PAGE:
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South Korea Widens Back-to-Work Orders on Thousands of Striking Truckers

Critics say the law infringes on constitutional rights because it doesn't clearly spell out what would qualify as acceptable conditions for a strike.

Seoul: South Korea's government expanded its back-to-work orders on Thursday against thousands of cargo truck drivers who are staging a nationwide walkout over freight fare issues, saying a prolonged strike could inflict “deep scars” on the country's economy.

The “work start” orders on steel and fuel truckers were inevitable because the strike could begin to hurt major export industries like automobiles and shipbuilding if it extends further, Finance Minister Choo Kyung-ho said in a news conference.

The strike's impact has so far been mostly limited to domestic industries like construction.

The orders, which were initially issued November 29 on some 2,500 cement truckers, were expanded to about 6,000 drivers transporting steel and 4,500 transporting fuel and chemicals. Police are also clamping down on unionists who threaten or disrupt colleagues who choose to work.

The widening of the orders came even as the strike entered its third week, even as container traffic at the country's major ports was said to be recovering pre-strike levels and cement supplies resuming at construction sites. The conservative government of President Yoon Suk Yeol has taken aggressive steps to ease delays in industrial shipments such as mobilizing nearly 200 military vehicles, including containers and fuel trucks.

Strikers represented by the Cargo Truckers Solidarity union walked out on November 24, demanding the government make permanent a minimum freight rate system that is set to expire at the end of 2022, which they say is crucial for safety and financial stability in the face of rising fuel costs.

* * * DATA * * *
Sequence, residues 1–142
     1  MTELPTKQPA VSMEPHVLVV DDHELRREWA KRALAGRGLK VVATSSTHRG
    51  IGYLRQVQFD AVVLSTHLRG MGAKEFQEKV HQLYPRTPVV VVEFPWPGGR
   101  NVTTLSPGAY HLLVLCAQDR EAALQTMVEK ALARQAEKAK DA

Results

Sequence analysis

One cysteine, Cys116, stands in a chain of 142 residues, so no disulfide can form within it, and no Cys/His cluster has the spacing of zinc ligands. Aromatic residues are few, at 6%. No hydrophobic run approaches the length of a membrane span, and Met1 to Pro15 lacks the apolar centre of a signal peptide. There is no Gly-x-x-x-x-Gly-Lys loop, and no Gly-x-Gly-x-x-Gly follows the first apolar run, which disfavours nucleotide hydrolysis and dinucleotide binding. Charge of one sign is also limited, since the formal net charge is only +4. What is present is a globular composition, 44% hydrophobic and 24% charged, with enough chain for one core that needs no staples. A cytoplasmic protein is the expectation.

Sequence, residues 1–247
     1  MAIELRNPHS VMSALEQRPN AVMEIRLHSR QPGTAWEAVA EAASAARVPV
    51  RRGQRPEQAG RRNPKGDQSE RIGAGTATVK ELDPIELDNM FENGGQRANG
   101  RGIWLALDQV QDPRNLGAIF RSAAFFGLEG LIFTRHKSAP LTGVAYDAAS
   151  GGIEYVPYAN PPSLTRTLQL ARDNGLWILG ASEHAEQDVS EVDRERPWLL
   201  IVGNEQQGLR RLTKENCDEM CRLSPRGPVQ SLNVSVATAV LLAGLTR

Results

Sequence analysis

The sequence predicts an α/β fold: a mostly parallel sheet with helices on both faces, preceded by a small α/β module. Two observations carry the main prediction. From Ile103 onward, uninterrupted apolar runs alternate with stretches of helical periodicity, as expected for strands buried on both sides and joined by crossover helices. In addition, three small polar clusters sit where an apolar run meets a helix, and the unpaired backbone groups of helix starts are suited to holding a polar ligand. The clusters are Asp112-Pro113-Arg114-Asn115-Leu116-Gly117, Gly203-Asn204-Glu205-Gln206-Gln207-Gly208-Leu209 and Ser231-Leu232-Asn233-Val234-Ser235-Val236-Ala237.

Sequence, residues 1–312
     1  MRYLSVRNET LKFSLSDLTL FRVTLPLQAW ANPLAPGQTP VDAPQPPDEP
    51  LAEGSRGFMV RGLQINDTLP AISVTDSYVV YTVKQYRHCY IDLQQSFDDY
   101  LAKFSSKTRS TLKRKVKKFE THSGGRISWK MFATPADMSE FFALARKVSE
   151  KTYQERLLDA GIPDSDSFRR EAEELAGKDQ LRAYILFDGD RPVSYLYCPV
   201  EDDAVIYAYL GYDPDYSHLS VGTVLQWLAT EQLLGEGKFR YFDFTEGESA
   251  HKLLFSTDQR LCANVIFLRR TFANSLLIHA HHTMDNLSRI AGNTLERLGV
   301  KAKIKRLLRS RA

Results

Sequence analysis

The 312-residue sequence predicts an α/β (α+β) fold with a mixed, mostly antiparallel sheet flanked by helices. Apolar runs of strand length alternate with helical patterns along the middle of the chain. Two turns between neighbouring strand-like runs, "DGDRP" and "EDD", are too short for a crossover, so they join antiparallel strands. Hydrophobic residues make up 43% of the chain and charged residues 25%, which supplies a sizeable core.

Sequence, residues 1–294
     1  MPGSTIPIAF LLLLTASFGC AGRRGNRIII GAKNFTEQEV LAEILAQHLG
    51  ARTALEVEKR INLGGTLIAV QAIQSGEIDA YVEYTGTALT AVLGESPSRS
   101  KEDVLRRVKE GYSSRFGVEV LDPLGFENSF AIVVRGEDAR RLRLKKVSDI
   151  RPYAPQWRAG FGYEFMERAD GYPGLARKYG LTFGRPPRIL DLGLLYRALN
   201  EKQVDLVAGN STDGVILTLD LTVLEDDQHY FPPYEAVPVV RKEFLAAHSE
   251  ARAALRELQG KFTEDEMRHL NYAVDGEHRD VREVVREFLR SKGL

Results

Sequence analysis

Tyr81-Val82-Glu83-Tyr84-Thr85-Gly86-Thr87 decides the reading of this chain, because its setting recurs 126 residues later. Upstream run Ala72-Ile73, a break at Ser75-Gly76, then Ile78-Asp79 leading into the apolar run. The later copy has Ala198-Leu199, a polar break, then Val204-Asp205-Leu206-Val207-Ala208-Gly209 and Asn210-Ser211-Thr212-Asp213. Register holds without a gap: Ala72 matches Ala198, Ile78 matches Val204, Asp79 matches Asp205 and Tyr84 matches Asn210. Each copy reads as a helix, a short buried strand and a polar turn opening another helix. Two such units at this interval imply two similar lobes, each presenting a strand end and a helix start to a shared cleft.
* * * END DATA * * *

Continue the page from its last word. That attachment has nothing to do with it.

While the minimum fares currently apply only to shipping containers and cement, the strikers are also calling for the benefits to be expanded to other cargo, including oil and chemical tankers, steel and automobile carriers and package delivery trucks.

Yoon's government had offered to expand the current scheme for another three years but has so far rejected calls to widen the scope of minimum rates.

The orders marked the first time any South Korean government has exercised contentious powers based on a law revised in 2004 that says failure to comply without “justifiable reason” is punishable by up to three years in jail or a maximum fine of 30 million won ($22,800). Critics say the law infringes on constitutional rights because it doesn't clearly spell out what would qualify as acceptable conditions for a strike.

South Korean labour groups have asked the International Labor Organisation to review whether the government order, forcing cement truckers back to their jobs, breaches basic labour rights.

The Ministry of Employment and Labour has confirmed that the United Nations agency sent a letter under the name of Corinne Vargha, its director of international labour standards, requesting that the South Korean government clarify its stance over the dispute.

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